Xu Lab


Research Focus

We use molecular, cellular, genomics, proteomics and systems biology approaches to study the fundamental mechanisms that control the cellular response to DNA damaging agents. These regulatory events are central to two of the major issues in the field of cancer biology: 1) how and when cancers start and progress; and 2) what determines the sensitivity of tumors to therapeutic interventions. In terms of cancer causation, the critical role for the DNA damage response is demonstrated by the fact that a number of human cancer susceptibility syndromes are caused by inherited mutations affecting the DNA damage response. For example, inherited mutations in damage-response genes can lead to skin cancers (xeroderma pigmentosum genes), leukemia and lymphoma (ATM, NBS1 and Fanconi anemia genes), breast and ovarian cancers (p53, BRCA1, BRCA2), colon cancers (mismatch repair genes), and brain tumors (p53). The epidemiological observation that exposure to environmental DNA damaging agents contributes to at least 80 percent of all human cancers further illustrates the importance of these damage responses in cancer causation. On the other hand, since many cancer therapeutic interventions attempt to kill tumors by targeting the DNA, gene products involved in DNA damage-response pathways are also predictably critical for determining therapeutic outcomes. Thus, elucidation of the mechanisms involved in the DNA damage response has obvious importance both for understanding cancer causation and for eliciting cancer cures.

Major Research Programs

Project 1: The ATM pathway in DNA damage response and mitosis

Ataxia-Telangiectasia Mutated (ATM), mutated in the human autosomal recessive disorder Ataxia- Telangiectasia (A-T), is a PI-3 like kinase that functions as a sensor and signal transducer in the DNA damage response, and as such plays a critical role in maintaining genetic stability and preventing cancer formation. We study the complex signaling network mediated by the ATM kinase in the DNA damage response and mitosis. We have found that ATM is required for activation of the spindle checkpoint, a process that protects against chromosome mis-segregation by delaying sister chromatid separation. Our long-term goal of this project is to better understand the role of ATM in mitotic cell cycle control as a basis for providing insights into general mechanisms of genomic instability, carcinogenesis, cell growth and cell death.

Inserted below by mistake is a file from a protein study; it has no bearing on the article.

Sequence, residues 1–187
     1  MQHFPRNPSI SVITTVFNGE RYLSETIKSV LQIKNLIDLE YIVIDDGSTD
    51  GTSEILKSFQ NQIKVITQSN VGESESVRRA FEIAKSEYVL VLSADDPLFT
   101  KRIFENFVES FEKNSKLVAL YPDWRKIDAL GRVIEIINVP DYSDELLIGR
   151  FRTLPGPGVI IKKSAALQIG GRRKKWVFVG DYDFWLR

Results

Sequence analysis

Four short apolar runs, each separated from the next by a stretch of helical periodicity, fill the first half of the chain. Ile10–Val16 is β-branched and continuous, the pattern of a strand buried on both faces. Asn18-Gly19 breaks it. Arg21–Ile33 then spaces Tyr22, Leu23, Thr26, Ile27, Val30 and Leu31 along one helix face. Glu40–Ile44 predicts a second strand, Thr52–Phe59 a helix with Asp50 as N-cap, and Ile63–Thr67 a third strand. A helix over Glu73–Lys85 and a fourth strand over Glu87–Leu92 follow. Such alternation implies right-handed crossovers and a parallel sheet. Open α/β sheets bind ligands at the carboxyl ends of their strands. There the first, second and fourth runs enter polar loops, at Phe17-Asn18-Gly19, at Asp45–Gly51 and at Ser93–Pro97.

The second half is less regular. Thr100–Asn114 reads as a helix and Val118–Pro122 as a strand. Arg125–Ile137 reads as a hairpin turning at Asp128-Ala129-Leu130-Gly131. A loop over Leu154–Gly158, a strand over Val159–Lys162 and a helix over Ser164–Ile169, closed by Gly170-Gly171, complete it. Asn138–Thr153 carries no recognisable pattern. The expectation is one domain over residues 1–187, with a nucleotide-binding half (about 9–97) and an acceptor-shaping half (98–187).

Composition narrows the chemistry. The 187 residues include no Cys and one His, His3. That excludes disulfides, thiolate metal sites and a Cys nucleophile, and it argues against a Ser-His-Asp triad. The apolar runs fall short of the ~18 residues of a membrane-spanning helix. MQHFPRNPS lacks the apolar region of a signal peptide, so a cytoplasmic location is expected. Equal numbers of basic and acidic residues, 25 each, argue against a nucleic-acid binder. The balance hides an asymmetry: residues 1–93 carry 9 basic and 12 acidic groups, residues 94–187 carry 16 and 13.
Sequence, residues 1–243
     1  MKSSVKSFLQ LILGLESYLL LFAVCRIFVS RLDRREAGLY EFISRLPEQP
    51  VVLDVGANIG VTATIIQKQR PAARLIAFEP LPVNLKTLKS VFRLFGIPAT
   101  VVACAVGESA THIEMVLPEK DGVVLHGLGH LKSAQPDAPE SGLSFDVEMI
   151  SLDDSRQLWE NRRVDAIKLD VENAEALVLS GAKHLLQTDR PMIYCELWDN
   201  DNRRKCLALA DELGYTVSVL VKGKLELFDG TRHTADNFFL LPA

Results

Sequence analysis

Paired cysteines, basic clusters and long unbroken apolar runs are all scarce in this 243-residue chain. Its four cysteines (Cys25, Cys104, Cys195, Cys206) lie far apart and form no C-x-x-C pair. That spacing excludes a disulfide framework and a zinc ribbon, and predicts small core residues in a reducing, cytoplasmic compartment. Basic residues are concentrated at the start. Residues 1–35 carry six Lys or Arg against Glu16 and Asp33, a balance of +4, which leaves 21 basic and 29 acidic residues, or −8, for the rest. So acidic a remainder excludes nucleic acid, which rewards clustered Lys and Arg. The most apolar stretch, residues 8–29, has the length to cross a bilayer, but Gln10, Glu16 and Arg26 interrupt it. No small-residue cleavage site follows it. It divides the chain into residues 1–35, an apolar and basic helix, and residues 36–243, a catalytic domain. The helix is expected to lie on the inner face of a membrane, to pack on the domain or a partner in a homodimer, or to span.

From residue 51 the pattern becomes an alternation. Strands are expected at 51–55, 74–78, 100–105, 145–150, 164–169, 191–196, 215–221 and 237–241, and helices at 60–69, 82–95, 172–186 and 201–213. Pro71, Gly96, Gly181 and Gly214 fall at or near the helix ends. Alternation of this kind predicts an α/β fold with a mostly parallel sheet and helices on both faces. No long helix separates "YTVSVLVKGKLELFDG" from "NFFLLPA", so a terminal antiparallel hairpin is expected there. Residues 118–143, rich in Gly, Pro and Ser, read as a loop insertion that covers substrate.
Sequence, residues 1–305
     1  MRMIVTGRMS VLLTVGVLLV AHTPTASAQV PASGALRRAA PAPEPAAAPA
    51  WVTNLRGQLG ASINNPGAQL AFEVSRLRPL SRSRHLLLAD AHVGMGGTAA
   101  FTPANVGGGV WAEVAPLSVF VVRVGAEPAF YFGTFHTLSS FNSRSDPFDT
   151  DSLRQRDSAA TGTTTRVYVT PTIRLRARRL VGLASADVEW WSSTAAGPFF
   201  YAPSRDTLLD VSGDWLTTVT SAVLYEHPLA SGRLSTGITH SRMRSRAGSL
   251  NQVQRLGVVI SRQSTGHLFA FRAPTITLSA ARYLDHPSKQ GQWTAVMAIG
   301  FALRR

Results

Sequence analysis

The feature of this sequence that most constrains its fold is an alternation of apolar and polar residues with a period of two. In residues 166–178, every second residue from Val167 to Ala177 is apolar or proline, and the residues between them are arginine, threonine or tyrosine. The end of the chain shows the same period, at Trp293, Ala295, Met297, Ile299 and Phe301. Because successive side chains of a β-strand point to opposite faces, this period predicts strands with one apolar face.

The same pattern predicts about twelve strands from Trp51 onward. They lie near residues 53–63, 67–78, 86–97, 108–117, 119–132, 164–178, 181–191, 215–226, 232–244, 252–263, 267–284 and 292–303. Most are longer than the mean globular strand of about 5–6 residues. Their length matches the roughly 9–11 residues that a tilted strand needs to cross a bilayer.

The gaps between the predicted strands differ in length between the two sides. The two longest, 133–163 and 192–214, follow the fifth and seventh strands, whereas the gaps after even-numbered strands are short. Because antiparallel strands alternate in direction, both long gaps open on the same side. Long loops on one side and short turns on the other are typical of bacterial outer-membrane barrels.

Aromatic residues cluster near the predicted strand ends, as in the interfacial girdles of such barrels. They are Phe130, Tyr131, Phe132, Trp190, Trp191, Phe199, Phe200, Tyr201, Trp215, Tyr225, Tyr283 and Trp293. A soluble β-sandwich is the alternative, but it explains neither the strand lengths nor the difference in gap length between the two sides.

Project 2: Novel approaches to molecular radiosensitization

Ionizing radiation (IR) is a key component of cancer therapy, and making tumor cells more sensitive to IR would improve therapeutic outcomes and long-term survival. We aim at targeting the DNA damage response pathway to sensitize tumor cells. For developing small molecules to interfere with the DNA damage response pathways, we apply high throughput screening, computational chemistry as well as medicinal chemistry in order to develop potent radiosensitizers.

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Bo Xu, M.D., Ph.D.

Distinguished Fellow and Chair, Oncology Department

Dr. Bo Xu serves as distinguished fellow and chair of oncology in Southern Research’s Oncology Department. In this role, he oversees cancer research and oncology drug discovery in the drug discovery division.  He is also the co-principal investigator of the NCI-designated Chemical Biology Consortium Comprehensive Center at SR. He is Professor of pathology and cell biology at the University of Alabama at Birmingham (UAB), a training faculty at the UAB Graduate Medical Sciences, and a member (senior scientist) at the NCI-designated Comprehensive Cancer Center at UAB. Continuously funded by the NIH and other federal/local/private organizations, Xu’s main research interests are mechanisms of the DNA damage response and cancer drug discovery.

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Lab Members

Qinghua Zeng

Qinghua Zeng

Associate Research Biologist

Qinghua Zeng earned his M.D. in oral pathology at Norman Bethune University of Medical Science, China in 1988. He next became assistant professor and lecturer at the institution. In 1997, he earned his Ph.D. in biology at Northeast Normal University, China. While a Ph.D. student, he studied the role core histone acetylation in regulation of gene expression. He next spent one year as a postdoctoral fellow at Leibniz Institute of Plant Genetics and Crop Plant Research (IPK), Gaterslaben, Germany, where he focused his study on differentiation of stem cells. He was also a postdoctoral fellow at the University of Michigan between 2001 and 2006. There, he studied cancer biology focused on cellular signaling. Subsequently, he became a research assistant professor at UAB in 2008. Zeng came to Southern Research in 2014 as associate research biologist in 2014, where he is currently working in the lab or Dr. Bo Xu. His main research interests are identification and characterization of signaling pathways that mediate cancer progression and metastasis. Since joining Dr. Xu’s lab, he has been actively working on projects related to DNA damage repair and anticancer drug discovery. His current project is focus on Porcupine (PORCN), a membrane-bound O-acyltransferase that is required for post-translational modification of all Wnts to enable their transport, secretion, and activity.

Joint Appointments

  • Member (Senior Scientist), UAB Comprehensive Cancer Center, UAB, Birmingham, AL
  • Adjunct Professor, Department of Pathology, UAB School of Medicine, UAB, Birmingham, AL

How To Work With Us


Southern Research welcomes collaboration opportunities with both academic and industrial research partners.